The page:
Monday, October 03, 2011

A remedial action plan...

Briefly from an earlier post...
Sunday, February 03, 2008
The photo at left showing Time writer and blogger Lev Grossman's daughter gaming on her laptop shows how easy it can be to come to the right conclusion while giving the wrong impression. Grossman is one of those young men who grew up on gaming and then couldn't wait to infect his own daughter with his addiction. Something made him wonder, however and he decided to consult an expert Susan Gregory Thomas whom he now calls Susie Joykiller, because she explained to him that his ideas of the wonderful advantages like hand/eye coordination he was offering his daughter were just his own destructive fantasies offered as rationalization. Then the magazine article pulls the plug on Grossman's discovery by offering websites for tiny gamers. A better thing would nave been to tell where to buy scissors.

What this article illustrates is that we are now entering a second generation in which children have been turned over to machines to entertain them and instruct them while the age old tools of human creativity remain untouched. As people generally read only the first few lines of articles, most readers will be influenced by the picture of Lev Grossman's daughter gaming (Oh! So cute!) and never understand the stupidity of the idea nor the complexity of the issues involved.
As the old saying goes, apples don't fall far from the tree. Parents, not knowing any better from their own upbringing have allowed their children to be disengaged from exploration in the real world and it shows. I got a request from a reader for an interview on how to get children involved in hands-on learning. What could be simpler than to do-it-yourself? Let's develop a remedial action plan.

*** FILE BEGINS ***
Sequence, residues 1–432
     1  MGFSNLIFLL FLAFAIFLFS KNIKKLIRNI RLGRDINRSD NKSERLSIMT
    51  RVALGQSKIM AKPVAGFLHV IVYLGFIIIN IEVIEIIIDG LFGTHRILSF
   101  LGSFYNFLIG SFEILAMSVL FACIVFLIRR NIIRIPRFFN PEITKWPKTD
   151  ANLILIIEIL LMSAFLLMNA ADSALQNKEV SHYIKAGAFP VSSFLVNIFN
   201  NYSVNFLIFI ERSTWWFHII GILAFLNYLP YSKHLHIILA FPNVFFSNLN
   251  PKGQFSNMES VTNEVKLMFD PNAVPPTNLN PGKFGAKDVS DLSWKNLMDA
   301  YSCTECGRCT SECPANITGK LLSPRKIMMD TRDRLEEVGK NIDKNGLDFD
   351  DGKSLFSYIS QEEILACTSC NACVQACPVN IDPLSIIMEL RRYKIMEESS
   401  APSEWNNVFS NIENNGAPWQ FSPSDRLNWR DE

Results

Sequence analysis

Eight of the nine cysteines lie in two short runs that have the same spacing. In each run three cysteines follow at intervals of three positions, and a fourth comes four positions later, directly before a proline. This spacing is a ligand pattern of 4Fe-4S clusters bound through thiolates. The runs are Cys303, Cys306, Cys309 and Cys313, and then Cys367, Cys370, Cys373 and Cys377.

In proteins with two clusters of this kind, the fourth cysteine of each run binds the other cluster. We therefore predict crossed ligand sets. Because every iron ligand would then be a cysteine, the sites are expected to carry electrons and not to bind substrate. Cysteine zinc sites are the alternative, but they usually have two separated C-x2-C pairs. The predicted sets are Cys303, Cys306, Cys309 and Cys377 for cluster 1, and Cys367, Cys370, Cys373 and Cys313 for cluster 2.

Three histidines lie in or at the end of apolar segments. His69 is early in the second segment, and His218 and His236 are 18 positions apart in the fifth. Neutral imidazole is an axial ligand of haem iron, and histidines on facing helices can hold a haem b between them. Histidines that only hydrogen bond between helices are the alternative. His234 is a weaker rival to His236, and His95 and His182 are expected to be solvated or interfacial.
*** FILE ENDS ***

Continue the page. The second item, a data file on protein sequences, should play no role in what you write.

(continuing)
When I grew up, there were no video or computer games. I wandered the woods and fields with my pellet gun in search of game. My parents didn't have to make up stuff for me to do in the real world. I had my own imaginative inclinations for that. In the basement work shop, I had full access to a range of tools that allowed me to make things. Instead of sharing a love of gaming, my parents shared a love of making things and creative engagement. And so this problem of how to engage children in real things, hands-on learning is a matter we can fix.

Take your children out of doors and leave the digital devices behind. Let them feel real world wind in their hair. Play soccer and other sports. Pitch the ball with them. Spend some time with them in the hardware store shopping for nuts, bolts, screws, tools and all those things that children really need to know about if they are to become the least bit creative. Put away the iPods and play music of your own making. Plant a garden. Fix a chair. Cook and clean and make them help. Take a trip beyond the limits of your technology. Supply the tiny tools that allow your children to go where no manufacturer wants them to go. Tear down the iPod and see what's inside. Flex your own curiosity, challenge them to flex theirs and let the chips fall where they may. Gaming is addictive and we must take time away from that crap if we want our children to become engineers, scientists, artists, musicians and more.

 DIY, make, fix and create...


  1. "A better thing would nave been to tell where to buy scissors."

    There is more truth in that one statement than the words can contain.

  2. Anonymous12:36 PM the first 2 sentences say it all.

  3. If we make things any easier for our children they will amount to nothing. How will they develop resilience and character to arm them against depressing circumstances?

    Each new generation of computer devices is intended to create greater "ease of use". But having smart apparatus do not make us smart and educators have already crossed over a threshold from which it seems there may be no coming back. Bells, whistles and little learning in sight.